The best part about traveling up north? All the genuinely happy folks you encounter.
As Americans, we enjoy broadcasting our “superiority” to the world – and quipping about our lesser international counterparts. Canada and its citizens are on the receiving end of our braggadocio a fair amount of the time, especially here in the proximate Northwest. When I recently visited Canada, however, I found something real in the people there — authentic happiness.
As one who chases a certain level of comfort for myself, money, status and expectations are constant barometers. After witnessing and partaking in the economic downturn, I couldn’t help but question the American Dream and our collective pursuit of it. Admittedly, though, I wasn’t looking for a solution to our American woes during my travels through BC. I was looking to have a ridiculously good time, and I successfully accomplished the goal.
There’s a lofty sense of camaraderie among Canadians – they actually like each other. All colors, shades and economic brackets have merged together within the provinces and cities of this nation. Canada’s work-visa program with England, Australia, and New Zealand is more popular than ever. Choice of drink is more important than choice of religion — even though both influence one another.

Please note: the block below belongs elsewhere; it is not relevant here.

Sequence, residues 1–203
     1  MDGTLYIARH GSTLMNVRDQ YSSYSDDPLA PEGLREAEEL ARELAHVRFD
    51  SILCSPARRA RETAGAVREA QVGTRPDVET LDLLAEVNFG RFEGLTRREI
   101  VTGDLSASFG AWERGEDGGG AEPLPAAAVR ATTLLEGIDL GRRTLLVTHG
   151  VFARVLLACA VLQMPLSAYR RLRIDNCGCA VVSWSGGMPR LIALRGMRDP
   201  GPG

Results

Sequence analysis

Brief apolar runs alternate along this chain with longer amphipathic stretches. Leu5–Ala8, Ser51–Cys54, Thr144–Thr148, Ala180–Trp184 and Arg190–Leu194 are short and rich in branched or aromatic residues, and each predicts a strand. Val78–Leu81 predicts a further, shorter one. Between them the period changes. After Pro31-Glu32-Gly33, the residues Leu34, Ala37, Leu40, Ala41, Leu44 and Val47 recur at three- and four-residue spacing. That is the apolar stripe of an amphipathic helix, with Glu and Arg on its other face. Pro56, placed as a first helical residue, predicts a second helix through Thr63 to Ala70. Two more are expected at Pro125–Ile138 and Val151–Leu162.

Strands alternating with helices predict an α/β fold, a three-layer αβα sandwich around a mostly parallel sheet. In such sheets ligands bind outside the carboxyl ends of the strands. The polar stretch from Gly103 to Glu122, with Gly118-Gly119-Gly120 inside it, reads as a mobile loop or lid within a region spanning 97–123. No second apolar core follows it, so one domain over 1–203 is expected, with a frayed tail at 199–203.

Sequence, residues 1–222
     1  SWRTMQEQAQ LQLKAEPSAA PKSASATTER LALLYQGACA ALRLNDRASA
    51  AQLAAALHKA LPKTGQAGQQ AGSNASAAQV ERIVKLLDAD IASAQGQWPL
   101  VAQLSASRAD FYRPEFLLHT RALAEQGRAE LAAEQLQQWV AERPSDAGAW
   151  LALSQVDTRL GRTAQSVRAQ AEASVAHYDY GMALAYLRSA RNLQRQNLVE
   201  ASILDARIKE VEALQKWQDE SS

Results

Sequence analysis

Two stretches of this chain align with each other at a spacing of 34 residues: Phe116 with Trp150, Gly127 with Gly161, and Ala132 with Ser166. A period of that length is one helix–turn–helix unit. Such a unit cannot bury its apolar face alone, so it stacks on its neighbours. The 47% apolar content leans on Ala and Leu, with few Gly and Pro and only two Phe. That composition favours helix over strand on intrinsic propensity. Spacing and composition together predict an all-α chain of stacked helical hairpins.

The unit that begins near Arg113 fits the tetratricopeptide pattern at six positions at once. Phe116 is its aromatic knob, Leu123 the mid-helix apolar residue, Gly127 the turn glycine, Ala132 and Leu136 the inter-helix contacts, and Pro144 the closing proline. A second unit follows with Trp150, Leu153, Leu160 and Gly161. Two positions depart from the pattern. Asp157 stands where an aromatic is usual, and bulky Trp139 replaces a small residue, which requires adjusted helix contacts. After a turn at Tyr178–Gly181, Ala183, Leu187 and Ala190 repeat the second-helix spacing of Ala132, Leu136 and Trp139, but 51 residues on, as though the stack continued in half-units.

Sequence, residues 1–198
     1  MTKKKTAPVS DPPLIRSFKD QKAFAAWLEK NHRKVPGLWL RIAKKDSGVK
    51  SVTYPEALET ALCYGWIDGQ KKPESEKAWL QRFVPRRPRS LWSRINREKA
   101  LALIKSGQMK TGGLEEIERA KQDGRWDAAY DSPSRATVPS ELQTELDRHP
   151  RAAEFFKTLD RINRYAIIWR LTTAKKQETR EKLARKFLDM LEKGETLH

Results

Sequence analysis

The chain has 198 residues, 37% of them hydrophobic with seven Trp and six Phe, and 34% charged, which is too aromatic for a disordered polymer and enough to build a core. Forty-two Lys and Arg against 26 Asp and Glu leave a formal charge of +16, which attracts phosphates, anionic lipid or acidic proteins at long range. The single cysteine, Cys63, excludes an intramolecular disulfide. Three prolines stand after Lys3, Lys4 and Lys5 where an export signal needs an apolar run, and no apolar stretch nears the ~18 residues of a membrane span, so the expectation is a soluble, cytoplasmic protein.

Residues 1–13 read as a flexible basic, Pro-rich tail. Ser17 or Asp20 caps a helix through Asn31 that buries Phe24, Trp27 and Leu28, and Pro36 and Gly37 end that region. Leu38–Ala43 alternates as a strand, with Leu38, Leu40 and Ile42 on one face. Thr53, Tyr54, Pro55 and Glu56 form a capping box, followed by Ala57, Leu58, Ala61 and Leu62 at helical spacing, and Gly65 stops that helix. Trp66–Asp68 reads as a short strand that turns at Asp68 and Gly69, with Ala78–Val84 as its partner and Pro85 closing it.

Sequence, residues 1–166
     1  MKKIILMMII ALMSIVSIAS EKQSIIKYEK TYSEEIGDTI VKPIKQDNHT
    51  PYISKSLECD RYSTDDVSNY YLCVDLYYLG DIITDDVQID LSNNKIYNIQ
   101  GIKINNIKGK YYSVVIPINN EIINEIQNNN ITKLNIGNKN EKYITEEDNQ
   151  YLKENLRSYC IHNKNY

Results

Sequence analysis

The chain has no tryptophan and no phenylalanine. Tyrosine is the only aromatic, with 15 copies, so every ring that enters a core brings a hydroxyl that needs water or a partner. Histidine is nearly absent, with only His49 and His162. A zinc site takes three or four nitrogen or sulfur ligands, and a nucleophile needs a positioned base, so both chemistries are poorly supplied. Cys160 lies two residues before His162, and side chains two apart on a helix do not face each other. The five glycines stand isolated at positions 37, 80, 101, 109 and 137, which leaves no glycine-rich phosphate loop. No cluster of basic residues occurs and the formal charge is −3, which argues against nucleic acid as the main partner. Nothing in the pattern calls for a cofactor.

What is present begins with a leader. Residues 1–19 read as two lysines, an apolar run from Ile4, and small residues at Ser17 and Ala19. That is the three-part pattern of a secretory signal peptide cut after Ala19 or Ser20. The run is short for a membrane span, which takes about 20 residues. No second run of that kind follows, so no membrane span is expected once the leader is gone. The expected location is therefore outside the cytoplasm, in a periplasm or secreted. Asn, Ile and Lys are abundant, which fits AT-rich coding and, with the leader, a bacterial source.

So, what — I don’t think we have that in the States? Honestly, no, I don’t. Those who have traveled abroad are aware of all the baggage that the term “American” carries on a global level. Of course, the people to whom this stereotype most directly applies aren’t leaving the United States anytime soon. Still, it’s hard not to be on the defensive whenever talk of my nationality arises – and it always does.
While I’ve encountered resentment in other parts of the world, I felt a sort of sympathy from the Canadians. These people weren’t direct about it, but I got the sense they considered me to be a nice enough fellow – and perhaps their country was where I belonged, all national rivalries aside. We Americans are too busy puffing our chests and proclaiming the greatness of our lives to notice that Canadians simply go about their business.
We can make all the “eh” and “oot” jokes in the world, but somehow I feel like we’re still placing second to Canada. The people I spent time with were cool — really freakin’ cool. For instance, one group knew that the only way to get booze after hours was through a Hell’s Angels representative, and proceeded to place an order over the phone. Ten minutes later, our party had two handles and a half-rack in our possession. Like I said, cool.
That’s not all. They know the best places to drink and remember passwords for the speakeasies. They frequent restaurants with barred windows in the sketchy part of town, and flock as if they don’t understand the definition of “sketchy.” Simply put, they understood what is solely needed for a good time; not the hippest place or hottest club, but just a room, park or anywhere else people can meet and interact — because those people will do the rest.
It’s worth seeing for yourself.